From new technology to the shift to value-based reimbursement — to say nothing of the needs imposed by the ongoing public health emergency (PHE) — the logistics of running a healthcare facility are constantly evolving. And because managing this complexity means innovating new processes and best practices, here’s a look at some fundamental methods for achieving innovation in healthcare.
5 Key Steps for Achieving Innovation in Healthcare
#1: Enable collaboration with more open communication
“Whether it’s the evolution of team-based and integrated care or the advancement of patient-centered population health management, the most beneficial advances in healthcare delivery have come from a recognition that collaboration works,” writes Mike Miliard at HealthcareITNews. So, when looking to drive innovation in healthcare, “it’s valuable to ‘promote interdisciplinary innovation teams.’”
Millard is quoting Adrian Zai, MD, director of research at Partners eCare, who was speaking on the topic of promoting innovation in healthcare for the HIMSS Big Data and Healthcare Analytics Forum. In that speech, Zai singles out “artificial divides that hinder innovation,” such as “walls between research and clinical operations” as key obstacles to achieving that important goal.
Other experts agree that, to succeed, innovation requires buy-in and collaboration from all departments in the larger organization. “Innovation encompasses how people act, think, and engage within and across organizations,” writes Keith Loria at Managed Healthcare Executive. “It involves out-of-the-box thinking, taking risks, learning from failures, and making investments in ideas, people, and culture.”
#2: Create a culture of innovation
In other words, innovation in healthcare requires moving past the compartmentalization that can still dominate many organizations, toward greater collaboration. And that means working to infuse a spirit of innovation within a company’s entire culture.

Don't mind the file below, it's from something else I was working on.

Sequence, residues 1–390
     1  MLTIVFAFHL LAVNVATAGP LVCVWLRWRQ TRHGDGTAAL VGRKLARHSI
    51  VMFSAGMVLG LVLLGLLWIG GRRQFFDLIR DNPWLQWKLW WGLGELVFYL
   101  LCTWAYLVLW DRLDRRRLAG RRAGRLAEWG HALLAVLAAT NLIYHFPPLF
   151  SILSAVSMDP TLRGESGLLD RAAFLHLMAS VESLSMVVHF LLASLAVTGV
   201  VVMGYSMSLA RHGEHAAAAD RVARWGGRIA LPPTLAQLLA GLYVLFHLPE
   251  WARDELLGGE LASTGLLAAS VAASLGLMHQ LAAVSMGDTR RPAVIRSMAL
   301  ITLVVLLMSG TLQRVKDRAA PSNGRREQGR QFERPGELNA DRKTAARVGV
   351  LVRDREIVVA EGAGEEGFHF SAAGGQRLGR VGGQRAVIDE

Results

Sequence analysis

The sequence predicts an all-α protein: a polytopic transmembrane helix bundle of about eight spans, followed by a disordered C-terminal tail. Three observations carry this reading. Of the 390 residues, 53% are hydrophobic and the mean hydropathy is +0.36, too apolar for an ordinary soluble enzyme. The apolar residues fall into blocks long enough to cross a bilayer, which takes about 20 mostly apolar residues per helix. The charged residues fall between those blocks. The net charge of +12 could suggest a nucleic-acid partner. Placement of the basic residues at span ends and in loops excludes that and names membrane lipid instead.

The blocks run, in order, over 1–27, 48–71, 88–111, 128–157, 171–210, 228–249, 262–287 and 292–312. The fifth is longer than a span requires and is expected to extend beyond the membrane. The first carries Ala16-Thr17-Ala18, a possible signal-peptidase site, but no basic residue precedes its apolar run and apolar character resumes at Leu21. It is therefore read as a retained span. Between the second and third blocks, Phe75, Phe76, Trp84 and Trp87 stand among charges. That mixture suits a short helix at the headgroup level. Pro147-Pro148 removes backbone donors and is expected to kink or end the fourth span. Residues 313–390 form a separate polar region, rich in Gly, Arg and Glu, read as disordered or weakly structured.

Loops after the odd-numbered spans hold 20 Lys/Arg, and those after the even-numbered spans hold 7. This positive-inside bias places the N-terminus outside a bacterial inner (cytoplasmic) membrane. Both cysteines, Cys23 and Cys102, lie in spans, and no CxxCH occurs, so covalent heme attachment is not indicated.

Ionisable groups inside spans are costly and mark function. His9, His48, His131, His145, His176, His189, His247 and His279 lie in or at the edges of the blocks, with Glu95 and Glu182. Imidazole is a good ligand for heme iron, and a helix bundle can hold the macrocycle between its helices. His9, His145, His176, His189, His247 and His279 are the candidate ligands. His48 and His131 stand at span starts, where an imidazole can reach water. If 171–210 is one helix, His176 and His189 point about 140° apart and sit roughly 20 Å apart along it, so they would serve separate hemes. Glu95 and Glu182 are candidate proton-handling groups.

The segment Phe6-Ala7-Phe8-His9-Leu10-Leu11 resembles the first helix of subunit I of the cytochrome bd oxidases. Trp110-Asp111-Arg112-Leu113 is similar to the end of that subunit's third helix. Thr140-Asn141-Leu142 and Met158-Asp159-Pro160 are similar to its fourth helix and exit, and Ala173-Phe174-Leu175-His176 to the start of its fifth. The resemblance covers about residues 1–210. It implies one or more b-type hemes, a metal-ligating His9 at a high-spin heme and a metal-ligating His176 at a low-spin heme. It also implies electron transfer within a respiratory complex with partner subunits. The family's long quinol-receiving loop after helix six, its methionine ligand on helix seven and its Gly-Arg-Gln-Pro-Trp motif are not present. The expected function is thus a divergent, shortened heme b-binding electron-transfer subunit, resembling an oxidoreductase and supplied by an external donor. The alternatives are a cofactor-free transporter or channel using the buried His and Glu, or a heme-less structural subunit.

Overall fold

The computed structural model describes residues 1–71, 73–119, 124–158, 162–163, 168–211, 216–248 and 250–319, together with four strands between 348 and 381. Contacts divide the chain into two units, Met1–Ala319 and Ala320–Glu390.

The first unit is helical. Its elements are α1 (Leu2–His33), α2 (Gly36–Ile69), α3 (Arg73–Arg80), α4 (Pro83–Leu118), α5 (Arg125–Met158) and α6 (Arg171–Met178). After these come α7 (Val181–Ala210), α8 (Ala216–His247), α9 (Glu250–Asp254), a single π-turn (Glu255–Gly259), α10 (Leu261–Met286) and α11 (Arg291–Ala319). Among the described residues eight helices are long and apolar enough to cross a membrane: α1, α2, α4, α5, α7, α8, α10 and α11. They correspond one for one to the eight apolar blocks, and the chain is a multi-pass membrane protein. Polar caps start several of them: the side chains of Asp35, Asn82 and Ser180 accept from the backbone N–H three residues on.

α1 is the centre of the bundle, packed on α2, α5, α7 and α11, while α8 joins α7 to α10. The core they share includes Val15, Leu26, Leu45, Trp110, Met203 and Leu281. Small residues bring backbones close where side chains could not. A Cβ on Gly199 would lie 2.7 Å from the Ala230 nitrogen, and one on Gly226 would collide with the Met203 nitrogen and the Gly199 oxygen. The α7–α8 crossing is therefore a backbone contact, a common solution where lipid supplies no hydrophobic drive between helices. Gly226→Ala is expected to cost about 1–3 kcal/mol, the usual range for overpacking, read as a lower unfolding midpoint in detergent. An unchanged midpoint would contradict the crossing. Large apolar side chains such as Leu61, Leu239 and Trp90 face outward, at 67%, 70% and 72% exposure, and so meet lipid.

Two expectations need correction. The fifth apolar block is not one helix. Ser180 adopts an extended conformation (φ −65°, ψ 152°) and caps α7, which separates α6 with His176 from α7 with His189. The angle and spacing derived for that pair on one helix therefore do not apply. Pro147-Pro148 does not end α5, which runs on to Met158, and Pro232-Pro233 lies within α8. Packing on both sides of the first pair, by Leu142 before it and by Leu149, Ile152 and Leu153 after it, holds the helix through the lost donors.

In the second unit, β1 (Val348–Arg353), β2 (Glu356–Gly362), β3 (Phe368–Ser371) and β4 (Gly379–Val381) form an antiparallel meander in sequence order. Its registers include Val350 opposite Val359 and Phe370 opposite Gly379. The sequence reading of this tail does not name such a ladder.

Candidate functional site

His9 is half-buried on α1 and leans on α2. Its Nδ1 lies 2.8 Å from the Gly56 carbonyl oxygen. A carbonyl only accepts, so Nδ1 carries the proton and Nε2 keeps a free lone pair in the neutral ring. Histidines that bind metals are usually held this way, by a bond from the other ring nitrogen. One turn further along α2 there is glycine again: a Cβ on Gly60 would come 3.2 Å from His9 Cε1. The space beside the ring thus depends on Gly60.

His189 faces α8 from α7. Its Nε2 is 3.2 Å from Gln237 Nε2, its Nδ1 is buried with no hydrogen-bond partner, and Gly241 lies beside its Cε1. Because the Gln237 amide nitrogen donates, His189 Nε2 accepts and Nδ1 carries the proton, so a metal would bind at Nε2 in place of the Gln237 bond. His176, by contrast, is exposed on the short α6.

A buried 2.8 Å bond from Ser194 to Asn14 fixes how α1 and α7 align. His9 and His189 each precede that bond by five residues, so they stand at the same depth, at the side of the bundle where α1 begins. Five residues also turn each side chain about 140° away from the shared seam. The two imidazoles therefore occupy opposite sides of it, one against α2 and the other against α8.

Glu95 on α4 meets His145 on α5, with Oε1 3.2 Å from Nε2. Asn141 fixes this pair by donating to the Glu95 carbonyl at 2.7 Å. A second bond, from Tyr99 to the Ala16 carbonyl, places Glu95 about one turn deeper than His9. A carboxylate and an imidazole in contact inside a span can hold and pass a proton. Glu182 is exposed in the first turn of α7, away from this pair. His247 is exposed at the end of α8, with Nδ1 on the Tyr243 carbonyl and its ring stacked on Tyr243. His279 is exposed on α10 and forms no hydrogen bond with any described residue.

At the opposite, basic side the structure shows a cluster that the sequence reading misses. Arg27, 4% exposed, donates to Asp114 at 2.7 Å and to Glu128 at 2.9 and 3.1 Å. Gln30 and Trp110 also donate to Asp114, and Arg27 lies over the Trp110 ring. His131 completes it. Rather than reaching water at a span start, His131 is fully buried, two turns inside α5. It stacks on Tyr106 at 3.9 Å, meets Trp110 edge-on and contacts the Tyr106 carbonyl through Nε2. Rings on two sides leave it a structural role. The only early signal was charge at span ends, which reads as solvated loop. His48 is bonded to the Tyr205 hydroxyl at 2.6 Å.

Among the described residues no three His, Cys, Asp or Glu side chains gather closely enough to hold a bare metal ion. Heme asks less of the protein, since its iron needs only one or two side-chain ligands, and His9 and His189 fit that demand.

As we’ve discussed here in the past, achieving a more positive corporate culture is an important objective for leaders for other reasons, too. Among other benefits, focusing on the quality of their culture can help organizations retain their most valuable employees at a time when shortages are threatening operational integrity — especially for skilled nursing and long-term care facilities.
In addition, integrating a spirit of collaboration and teamwork into an organization’s culture provides a reliable foundation for innovation on a company-wide basis. The first step should be making sure that innovation is understood as a concept and as a goal not only in the worker handbook/code of conduct and orientation sessions, but also in ongoing meetings, communications and employee reviews.
Implementing this step means regularly seeking out contributions and feedback from workers whose opinions may be otherwise unknown. This can provide rare insight into processes with low visibility, which could lead to operational innovations like optimized workflows and reduced waste. Operational innovations can be achieved, and an organization’s positive culture reinforced, all at the same time.
#3: Think long-term about technology